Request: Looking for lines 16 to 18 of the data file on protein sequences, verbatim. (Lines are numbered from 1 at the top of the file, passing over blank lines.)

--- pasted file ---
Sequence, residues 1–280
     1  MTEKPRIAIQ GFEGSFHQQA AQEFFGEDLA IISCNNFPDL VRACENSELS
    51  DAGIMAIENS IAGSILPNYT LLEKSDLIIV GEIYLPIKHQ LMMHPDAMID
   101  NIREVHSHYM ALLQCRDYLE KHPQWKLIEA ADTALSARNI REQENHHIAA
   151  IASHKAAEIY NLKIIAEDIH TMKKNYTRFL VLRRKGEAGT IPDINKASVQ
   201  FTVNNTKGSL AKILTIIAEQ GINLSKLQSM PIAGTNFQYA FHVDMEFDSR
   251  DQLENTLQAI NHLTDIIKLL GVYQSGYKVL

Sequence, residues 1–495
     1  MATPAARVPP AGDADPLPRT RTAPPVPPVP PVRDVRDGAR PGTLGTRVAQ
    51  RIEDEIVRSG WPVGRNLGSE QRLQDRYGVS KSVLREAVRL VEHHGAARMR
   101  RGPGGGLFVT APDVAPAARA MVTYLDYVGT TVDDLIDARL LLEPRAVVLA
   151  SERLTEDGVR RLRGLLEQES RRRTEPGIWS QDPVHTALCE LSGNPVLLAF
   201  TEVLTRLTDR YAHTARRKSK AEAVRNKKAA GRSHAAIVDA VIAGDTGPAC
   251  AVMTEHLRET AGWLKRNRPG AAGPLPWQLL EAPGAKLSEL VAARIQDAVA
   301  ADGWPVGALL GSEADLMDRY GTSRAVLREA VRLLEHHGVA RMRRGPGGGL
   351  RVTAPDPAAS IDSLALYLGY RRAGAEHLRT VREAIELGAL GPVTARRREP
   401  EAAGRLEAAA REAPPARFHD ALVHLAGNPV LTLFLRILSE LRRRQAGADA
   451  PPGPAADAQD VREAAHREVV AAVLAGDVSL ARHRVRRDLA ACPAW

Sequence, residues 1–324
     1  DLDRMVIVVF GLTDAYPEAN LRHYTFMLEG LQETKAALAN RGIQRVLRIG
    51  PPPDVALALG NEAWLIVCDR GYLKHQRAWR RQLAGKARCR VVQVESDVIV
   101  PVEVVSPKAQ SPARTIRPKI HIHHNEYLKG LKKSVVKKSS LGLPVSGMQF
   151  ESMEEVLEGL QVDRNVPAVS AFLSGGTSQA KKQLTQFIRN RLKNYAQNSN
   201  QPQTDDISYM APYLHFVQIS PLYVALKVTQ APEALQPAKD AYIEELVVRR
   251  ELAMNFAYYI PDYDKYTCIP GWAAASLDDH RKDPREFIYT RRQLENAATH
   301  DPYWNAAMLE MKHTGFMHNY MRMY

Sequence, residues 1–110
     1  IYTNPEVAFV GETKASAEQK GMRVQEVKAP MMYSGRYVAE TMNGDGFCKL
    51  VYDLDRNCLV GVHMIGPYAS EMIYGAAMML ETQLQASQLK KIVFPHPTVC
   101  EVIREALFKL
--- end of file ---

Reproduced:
   351  RVTAPDPAAS IDSLALYLGY RRAGAEHLRT VREAIELGAL GPVTARRREP
   401  EAAGRLEAAA REAPPARFHD ALVHLAGNPV LTLFLRILSE LRRRQAGADA
   451  PPGPAADAQD VREAAHREVV AAVLAGDVSL ARHRVRRDLA ACPAW